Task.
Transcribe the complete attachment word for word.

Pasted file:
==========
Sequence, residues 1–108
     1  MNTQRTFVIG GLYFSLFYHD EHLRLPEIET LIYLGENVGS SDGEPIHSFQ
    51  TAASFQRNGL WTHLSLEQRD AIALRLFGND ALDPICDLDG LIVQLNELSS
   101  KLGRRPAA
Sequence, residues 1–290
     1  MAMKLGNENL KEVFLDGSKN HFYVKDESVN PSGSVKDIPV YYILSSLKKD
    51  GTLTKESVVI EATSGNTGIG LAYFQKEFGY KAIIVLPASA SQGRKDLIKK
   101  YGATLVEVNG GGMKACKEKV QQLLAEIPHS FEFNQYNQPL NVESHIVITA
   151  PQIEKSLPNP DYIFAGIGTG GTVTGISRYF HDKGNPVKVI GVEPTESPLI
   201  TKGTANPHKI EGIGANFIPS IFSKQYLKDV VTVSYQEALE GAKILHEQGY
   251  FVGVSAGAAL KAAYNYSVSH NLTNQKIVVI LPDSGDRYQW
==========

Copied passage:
Sequence, residues 1–108
     1  MNTQRTFVIG GLYFSLFYHD EHLRLPEIET LIYLGENVGS SDGEPIHSFQ
    51  TAASFQRNGL WTHLSLEQRD AIALRLFGND ALDPICDLDG LIVQLNELSS
   101  KLGRRPAA
Sequence, residues 1–290
     1  MAMKLGNENL KEVFLDGSKN HFYVKDESVN PSGSVKDIPV YYILSSLKKD
    51  GTLTKESVVI EATSGNTGIG LAYFQKEFGY KAIIVLPASA SQGRKDLIKK
   101  YGATLVEVNG GGMKACKEKV QQLLAEIPHS FEFNQYNQPL NVESHIVITA
   151  PQIEKSLPNP DYIFAGIGTG GTVTGISRYF HDKGNPVKVI GVEPTESPLI
   201  TKGTANPHKI EGIGANFIPS IFSKQYLKDV VTVSYQEALE GAKILHEQGY
   251  FVGVSAGAAL KAAYNYSVSH NLTNQKIVVI LPDSGDRYQW